Use this URL to cite or link to this record in EThOS: https://ethos.bl.uk/OrderDetails.do?uin=uk.bl.ethos.768081
Title: Disruption of bacterial spores using microwaves and nanoparticles
Author: Malyshev, Dmitry
ISNI:       0000 0004 7652 373X
Awarding Body: Cardiff University
Current Institution: Cardiff University
Date of Award: 2018
Availability of Full Text:
Access from EThOS:
Access from Institution:
Abstract:
This thesis shows how microwaves and nanoparticles can be used to enhance the disruption of spores in the context of a novel microwave-based bacterial detector. Infections linked to Clostridium difficile are a significant cause of suffering. In hospitals, the organism is primarily acquired through the faecal-oral route as spores excreted by infected patients contaminate the healthcare environment. Microwave-based spore disruption is the focus of this project offers a potential rapid diagnostic method to detect spores, including C. difficile spores by making them release DNA which is then detected. One of the limiting factors of this method was the power required and it was hypothesised that by using a new microwave cavity and adding nanoparticles, the DNA release from spores can be achieved with less power. First, the spore surface properties of the different isolates of C. difficile were compared. A significant variation in both spore morphology and spore hydrophobicity of clinical isolates of C. difficile was observed. In particular, the "pineapple-like" shape of strains was associated with higher hydrophobicity in spores, while the loose outer exosporium layer was associated with lower hydrophobicity. The isolates were then tested for DNA release in response to microwaving. Spores were shown to release single-stranded, but no double stranded DNA. The spores were also not visibly changed by microwave exposure, suggesting a non-destructive mechanism of disruption. To study this mechanism further, the microwave system was updated to remove overall sample heating and tested under electric fields, magnetic fields and a combination of the two. The electric field was shown to be causing the disruption of spores, field showed a positive correlation with increasing disruption. Finally, the spores with tested with microwaves and nanoparticles, where nanoparticles showed a significant improvement in two of the four tested isolates. A computer model of the spore and nanoparticle interactions was made, which offered a plausible mechanism for the nature of microwave mediated disruption and the improvement in disruption caused by nanoparticles.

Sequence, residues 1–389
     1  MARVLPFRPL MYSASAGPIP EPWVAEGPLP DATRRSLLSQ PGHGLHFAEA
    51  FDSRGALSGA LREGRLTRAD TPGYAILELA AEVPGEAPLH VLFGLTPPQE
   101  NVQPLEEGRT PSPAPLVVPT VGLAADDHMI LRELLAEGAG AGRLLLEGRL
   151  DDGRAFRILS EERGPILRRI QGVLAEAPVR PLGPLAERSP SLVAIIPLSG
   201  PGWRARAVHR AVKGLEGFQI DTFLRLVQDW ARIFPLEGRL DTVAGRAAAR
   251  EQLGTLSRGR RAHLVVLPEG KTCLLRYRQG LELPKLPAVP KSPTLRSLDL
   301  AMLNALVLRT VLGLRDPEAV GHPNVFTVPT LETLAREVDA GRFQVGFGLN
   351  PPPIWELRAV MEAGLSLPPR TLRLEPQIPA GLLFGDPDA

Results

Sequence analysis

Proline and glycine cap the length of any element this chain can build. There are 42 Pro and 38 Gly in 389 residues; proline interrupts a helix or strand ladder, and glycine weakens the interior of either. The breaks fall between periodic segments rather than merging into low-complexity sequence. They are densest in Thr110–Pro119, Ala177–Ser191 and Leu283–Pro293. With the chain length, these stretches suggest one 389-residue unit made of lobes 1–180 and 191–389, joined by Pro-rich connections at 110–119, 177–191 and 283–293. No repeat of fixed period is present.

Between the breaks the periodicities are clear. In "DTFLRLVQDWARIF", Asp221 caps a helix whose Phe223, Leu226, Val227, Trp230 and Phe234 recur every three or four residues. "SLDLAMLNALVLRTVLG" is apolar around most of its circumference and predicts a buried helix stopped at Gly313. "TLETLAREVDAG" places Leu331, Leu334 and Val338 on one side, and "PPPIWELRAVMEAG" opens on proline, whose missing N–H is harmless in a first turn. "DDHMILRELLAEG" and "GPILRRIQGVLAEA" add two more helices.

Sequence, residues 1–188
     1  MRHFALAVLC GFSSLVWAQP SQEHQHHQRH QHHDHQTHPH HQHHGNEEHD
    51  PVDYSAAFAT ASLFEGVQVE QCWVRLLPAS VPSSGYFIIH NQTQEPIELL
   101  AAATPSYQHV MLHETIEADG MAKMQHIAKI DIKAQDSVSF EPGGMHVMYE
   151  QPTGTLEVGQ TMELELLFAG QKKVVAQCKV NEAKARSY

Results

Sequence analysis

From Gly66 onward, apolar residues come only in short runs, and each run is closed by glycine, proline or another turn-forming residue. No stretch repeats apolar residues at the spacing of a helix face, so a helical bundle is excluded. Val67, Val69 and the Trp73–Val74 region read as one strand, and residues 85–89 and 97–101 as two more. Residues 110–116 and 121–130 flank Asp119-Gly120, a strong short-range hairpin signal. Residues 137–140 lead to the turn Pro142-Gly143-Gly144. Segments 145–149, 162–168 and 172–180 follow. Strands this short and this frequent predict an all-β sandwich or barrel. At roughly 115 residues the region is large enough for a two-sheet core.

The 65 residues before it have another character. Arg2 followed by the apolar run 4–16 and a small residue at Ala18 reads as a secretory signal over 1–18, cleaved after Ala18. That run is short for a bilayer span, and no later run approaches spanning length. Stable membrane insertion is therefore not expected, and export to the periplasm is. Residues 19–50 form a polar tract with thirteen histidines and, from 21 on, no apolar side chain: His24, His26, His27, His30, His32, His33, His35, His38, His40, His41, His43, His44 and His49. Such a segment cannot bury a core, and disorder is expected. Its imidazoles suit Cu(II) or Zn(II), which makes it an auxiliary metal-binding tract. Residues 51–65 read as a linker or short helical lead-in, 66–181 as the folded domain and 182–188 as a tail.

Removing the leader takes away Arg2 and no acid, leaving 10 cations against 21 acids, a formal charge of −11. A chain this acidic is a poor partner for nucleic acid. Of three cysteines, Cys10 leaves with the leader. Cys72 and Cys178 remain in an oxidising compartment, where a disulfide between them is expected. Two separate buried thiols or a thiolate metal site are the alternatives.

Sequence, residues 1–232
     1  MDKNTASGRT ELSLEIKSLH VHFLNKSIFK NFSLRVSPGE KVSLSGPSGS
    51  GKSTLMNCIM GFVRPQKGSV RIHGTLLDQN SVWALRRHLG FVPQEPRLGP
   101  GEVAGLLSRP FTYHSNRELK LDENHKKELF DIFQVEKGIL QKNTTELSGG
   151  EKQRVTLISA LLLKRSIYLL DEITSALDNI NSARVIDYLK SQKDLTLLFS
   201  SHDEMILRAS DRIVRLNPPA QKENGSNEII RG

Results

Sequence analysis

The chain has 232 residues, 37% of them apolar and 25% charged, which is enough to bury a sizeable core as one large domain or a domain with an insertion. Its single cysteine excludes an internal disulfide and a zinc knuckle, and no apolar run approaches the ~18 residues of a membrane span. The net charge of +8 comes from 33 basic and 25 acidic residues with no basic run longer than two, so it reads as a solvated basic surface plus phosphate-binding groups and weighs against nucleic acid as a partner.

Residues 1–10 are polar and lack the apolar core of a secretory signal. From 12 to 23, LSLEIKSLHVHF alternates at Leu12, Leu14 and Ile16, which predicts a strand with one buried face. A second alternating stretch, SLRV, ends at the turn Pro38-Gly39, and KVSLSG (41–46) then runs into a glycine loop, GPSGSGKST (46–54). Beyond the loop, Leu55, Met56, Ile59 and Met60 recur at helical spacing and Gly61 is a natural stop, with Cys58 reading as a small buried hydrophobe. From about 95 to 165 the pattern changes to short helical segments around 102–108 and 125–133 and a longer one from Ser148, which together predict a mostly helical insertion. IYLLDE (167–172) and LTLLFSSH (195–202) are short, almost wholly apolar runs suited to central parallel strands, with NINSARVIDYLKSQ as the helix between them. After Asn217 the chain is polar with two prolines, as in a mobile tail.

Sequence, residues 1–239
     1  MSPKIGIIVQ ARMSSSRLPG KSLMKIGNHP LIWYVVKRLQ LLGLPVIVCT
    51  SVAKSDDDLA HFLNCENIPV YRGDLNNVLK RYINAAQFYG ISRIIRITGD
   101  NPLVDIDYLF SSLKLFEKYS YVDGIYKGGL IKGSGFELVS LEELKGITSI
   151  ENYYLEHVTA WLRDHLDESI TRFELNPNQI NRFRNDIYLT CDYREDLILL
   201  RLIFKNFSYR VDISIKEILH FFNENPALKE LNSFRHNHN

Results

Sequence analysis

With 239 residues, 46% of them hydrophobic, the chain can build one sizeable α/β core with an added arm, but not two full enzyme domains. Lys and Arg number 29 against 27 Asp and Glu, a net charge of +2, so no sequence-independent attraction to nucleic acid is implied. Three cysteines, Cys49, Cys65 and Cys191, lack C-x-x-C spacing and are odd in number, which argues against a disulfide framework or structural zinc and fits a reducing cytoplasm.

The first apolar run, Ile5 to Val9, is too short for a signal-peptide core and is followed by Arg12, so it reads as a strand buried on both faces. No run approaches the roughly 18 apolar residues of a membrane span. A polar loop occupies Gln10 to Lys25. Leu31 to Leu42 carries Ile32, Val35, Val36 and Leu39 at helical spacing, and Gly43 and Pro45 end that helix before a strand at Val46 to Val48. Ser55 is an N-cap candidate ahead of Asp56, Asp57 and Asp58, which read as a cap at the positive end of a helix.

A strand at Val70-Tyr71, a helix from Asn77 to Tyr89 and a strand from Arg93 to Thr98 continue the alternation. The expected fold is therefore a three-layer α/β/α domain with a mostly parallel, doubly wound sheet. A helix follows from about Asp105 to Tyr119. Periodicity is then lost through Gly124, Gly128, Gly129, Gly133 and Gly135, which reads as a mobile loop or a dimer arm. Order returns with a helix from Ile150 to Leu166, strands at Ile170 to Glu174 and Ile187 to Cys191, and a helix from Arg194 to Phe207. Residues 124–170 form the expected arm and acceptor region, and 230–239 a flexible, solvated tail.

Supervisor: Not available Sponsor: Not available
Qualification Name: Thesis (Ph.D.) Qualification Level: Doctoral
EThOS ID: uk.bl.ethos.768081  DOI: Not available
Keywords: Q Science (General)
Share: